3 The streamlining of processes can be accomplished in various ways. In this way, you can get rid of unnecessary buffers or, in some cases, add an extra one. In general, buffers cause delays in the flow. They take up room, they are source of mistakes, and lead to employees having to handle the merchandise an extra time. As a rule, you can also save by taking consecutive process steps together, whereby the intermediate buffers disappear. In other situations, it is sensible, however, to introduce or enlarge a buffer. This is the case when a wait results from the fact that consecutive steps are not correctly coordinated with each other. For that matter, the fact that a buffer becomes full does not automatically mean that you need to enlarge it. With a better control, it is quite possible to empty a buffer more quickly. Another Method of Working Coordinating processes is, in any case, an important point of interest during streamlining. A good example is the coordination of the replenishment of the forward stock with the progress of the order picking. If an order picker arrives at a location where there is too little stock, he cannot execute his pick, which leads to a delay. If, on the other hand, a product is replenished ahead of time, either two locations are being occupied for a long time (assuming products are at flexible pick locations) or a lot of merchandise must be transferred between pallets (if products are at fixed pick locations). However, a WMS with intelligent control rules can ensure that the order picking and the replenishment are well coordinated with each other. Radio frequencing (RF) scanners are necessary for this so that the WMS can immediately follow the employees progress. In some cases it is wise to switch over to a completely different method of working. The bestknown example is to pick orders in batches rather than one by one. You can also add a new process step during the streamlining. This can be crossdocking or merge-in-transit, for example. During cross-docking, merchandise is no longer stored but goes through to an outbound dock after receipt, possibly via an in-between buffer. With merge-intransit, merchandise from several shipments is efficiently combined in an in-between buffer into one order that is then sent in its entirety. A suitable approach for streamlining your process is, first of all, to delineate and describe your processes in detail. Doing this will quickly make it clear where any bottlenecks are and the discussion will remain accurate. Furthermore, it is important to collect figures about the process. You can decide on the most efficient method of working only after you know how often an activity is carried out and within which lead time. Limit customisations Streamlining the process not only creates more efficiency and a higher level of service, but it also helps to limit customisations. In many warehouses, a specific method of working has been maintained from way back when, but that method is not supported by a standard WMS. Therefore, it is important to check if you can adjust your method of working to the WMS. In the day-to-day practice, we encounter many companies that still have customisations in order to be able to maintain their trusted method of working. Later, these companies regret this choice. Customisations generally take longer than was To what extend are basic assumptions defined at the start of the implementation? Goals of the WMS implementation 81,3% Improvements to be realised by the WMS implementation 62,5% Logistical concept 33,0% Organisational impact / changes in tasks and procedures 50,0% Information flow diagram 31,3% Data model 53,3% Prototype / simulatie van de gewenste werkwijze 62,5% IT structure 75,0% Table 2. Basic assumptions WMS implementation. Bron: Berenschot
4 When do companies streamline the processes? Streamlining before implementation 33.0% Streamlining during implementation 62.0% Streamlining after implementation 50.0% No streamlining 14.0% thought and demand a great deal of testing. Moreover, it is expensive and not supported in the system s following release, which means that the problem is a recurrent one. Businesses should thus make themselves more open to the possibilities the WMS package offers. On the other hand, WMS suppliers let themselves be too easily persuaded to write customisations. Obviously, this is a source of income for the supplier. Furthermore, the WMS suppliers are usually more at home with IT than with logistics. That is why they have the natural inclination to look for solutions earlier in IT than in the logistics. Nevertheless, the supplier understands more and more that customisations cause significant risk factors in the projects. It is essential that you hold on to the design concept after the implementation has started. Many companies deviate from that concept during the project, and this leads to an irreversible delay and extra costs. The project turns into an unguided projectile that will never hit its target. Still, in spite of an outstanding preparation, if you happen to run into changes during the project, it is often wise to postpone them until afterwards. Naturally, you can consider implementing small adjustments right away. Agreements with the Supplier Table 3. Streamlining processes. Source: Berenschot You can select a WMS supplier after streamlining the process. Here, it is necessary that you meticulously record what the suppliers offer during the selection. Things that you do not record beforehand can suddenly produce additional work during the implementation. As long as a contract has not been signed and certainly as long as several parties are in the race suppliers will want to offer something extra. Therefore, the more requirements you put on the table during the preparation, the better you will be able to control the budget in the end. What is more important in a project? Functionality package More important than Experience project leader Commitment shop floor More important than Commitment top management Definition improvements up-front More important than Identification and realisation of improvements after implementation Management of change Slightly more important than Improvement of the business processes Configuration by own employees More important than Configuration by external consultants Experience project manager with implementations More important than Experience project manager with the line of business Contribution own people More important than Contribution external consultants Table 4. Most important aspects in a WMS project. Source: Berenschot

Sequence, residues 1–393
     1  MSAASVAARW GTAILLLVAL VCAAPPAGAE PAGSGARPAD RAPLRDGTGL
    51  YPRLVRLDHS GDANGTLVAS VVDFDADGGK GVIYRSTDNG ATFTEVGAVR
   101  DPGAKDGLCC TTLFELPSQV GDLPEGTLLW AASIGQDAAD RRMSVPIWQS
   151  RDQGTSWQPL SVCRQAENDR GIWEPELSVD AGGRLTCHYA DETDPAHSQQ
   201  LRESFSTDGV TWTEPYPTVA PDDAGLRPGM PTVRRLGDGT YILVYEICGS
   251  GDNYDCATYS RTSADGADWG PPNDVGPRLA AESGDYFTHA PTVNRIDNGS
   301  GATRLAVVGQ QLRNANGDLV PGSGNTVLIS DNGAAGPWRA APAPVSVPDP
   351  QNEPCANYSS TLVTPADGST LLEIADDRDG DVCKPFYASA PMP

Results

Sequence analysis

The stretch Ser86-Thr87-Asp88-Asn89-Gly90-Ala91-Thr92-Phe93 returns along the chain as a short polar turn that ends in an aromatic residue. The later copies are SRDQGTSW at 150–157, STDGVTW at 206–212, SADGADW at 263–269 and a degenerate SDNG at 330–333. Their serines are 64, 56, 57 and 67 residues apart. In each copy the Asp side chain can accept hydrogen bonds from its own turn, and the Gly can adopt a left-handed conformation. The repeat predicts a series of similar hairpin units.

5 Further, you should certainly ask the supplier to give a demonstration of its package on the basis of a business scenario your company puts together. In this business scenario you describe the critical and complex activities in the warehouse. A business scenario quickly makes clear what the package can and cannot do. Naturally, when selecting you should look at more than just the functionality of the package. Points such as implementation capability (is the supplier capable of getting the WMS started quickly), software structure, vision of the supplier, references and maintenance also play a role. Project Organisation There has already been written a great deal about the management of these projects. In the past, WMS implementations were often underestimated. It is important that two or three employees be made available for the project. Keep the motivation of the employees high and celebrate the successes achieved. Earlier, I remarked that a WMS implementation is a change project. In general, employees are not waiting for changes. After all, the old method of working always functioned just fine. It is therefore important to point to the offensive goals that confirm the necessity for change. is a research & consulting firm specialised in warehouse and supply chain management. For more information you can contact us at the underneath address or via our web site. Winthontlaan KV Utrecht The Netherlands Telephone: +31 (0) Website: